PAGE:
School of Graduate Studies

School of Graduate Studies
School of Graduate Studies

Protecting Traditional Knowledge from Biopiracy

​When Oluwatobiloba ("Tobi") Moody's doctorate is complete, it will be to the benefit of cultural innovators around the world – helping Tobi ensure that traditional cultures see justice for appropriated knowledge.

After a childhood in both England and Nigeria, Tobi was drawn to Queen’s for a variety of reasons: “the relatively small size of the program, the quality of academic supervision in my area of study, as well as the location of the Queen’s campus,” he explains. “Kingston is really a lovely little historic city; the people are friendly and it has minimal academic distractions which promotes academic work. It’s also situated close enough to the major neighbouring cities for the occasional tour!”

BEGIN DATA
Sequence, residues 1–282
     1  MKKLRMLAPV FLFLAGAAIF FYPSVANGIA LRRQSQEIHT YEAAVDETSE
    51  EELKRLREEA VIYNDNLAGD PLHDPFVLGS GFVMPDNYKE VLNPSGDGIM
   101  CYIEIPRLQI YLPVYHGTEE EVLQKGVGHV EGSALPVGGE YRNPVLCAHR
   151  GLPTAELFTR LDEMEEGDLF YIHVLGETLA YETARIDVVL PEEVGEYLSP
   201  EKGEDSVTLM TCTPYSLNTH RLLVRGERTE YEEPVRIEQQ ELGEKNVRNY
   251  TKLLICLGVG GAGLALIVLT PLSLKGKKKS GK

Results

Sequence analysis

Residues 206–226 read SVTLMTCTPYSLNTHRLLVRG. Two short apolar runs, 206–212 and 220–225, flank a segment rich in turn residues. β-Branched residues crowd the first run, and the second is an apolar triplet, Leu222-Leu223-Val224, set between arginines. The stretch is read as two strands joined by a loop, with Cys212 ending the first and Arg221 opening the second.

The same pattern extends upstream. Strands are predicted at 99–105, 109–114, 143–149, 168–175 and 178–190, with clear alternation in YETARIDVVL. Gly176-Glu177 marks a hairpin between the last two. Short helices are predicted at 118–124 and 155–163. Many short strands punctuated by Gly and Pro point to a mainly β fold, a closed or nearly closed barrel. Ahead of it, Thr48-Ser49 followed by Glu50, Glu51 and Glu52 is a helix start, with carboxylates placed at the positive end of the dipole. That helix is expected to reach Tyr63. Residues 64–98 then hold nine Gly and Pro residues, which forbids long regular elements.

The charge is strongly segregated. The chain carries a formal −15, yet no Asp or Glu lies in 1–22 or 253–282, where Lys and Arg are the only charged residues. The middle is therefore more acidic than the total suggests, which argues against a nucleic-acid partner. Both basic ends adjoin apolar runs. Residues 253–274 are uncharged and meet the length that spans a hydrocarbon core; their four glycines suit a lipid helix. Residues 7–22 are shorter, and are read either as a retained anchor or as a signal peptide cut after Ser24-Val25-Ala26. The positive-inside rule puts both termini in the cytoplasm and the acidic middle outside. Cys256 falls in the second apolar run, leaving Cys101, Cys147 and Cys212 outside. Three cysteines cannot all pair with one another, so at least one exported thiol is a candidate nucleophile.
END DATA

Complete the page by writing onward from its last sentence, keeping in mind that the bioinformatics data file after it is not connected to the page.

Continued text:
Tobi has found inspiration and support working under the supervision of Dr. Bita Amani. “It’s been a fantastic relationship and I’ve really enjoyed working under her,” he says. “She inspires confidence, believes in my ideas, and has been a significant mentor through various research phases.”

Tobi studies indigenous groups and justice, with a particular focus on the misappropriation of traditional knowledge. “Their knowledge has been used for several profitable innovations in our present world. They are however rarely compensated for this. My research examines the international instrument recently adopted to address this – the Nagoya Protocol. To ensure the Protocol’s effective implementation, my research suggests the need for a reinforcement of the Nagoya Protocol through the global Intellectual Property System,” he explains.

He intends to continue working on international policy, with a specific focus on African development.